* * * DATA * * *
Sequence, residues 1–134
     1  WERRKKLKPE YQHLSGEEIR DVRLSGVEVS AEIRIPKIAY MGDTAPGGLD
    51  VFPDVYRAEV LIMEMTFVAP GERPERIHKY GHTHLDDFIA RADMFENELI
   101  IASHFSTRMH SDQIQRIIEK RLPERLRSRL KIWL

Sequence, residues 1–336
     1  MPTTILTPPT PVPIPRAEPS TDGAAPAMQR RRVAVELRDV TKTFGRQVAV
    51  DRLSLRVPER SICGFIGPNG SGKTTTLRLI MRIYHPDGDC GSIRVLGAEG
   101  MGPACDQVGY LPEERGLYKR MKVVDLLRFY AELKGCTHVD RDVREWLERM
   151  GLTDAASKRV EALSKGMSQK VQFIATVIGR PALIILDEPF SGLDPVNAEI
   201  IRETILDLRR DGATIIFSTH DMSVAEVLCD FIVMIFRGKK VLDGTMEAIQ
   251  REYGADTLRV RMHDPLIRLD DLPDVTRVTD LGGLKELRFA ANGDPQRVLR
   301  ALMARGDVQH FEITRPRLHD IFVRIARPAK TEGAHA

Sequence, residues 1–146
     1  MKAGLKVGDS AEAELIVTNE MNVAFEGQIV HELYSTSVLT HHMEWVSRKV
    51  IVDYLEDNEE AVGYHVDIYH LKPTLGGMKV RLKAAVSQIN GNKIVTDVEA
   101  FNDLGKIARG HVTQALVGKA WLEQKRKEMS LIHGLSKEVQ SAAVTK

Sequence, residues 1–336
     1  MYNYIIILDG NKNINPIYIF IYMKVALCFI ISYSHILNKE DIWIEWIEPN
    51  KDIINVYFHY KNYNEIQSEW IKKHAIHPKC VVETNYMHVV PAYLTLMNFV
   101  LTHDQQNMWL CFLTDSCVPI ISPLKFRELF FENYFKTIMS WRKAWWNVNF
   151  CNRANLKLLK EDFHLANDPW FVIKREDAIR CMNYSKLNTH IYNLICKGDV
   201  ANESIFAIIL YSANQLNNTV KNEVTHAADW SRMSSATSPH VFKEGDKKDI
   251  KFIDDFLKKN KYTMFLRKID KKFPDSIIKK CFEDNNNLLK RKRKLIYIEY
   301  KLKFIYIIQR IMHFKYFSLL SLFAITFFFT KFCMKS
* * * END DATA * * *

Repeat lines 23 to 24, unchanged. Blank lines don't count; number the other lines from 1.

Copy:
   251  KFIDDFLKKN KYTMFLRKID KKFPDSIIKK CFEDNNNLLK RKRKLIYIEY
   301  KLKFIYIIQR IMHFKYFSLL SLFAITFFFT KFCMKS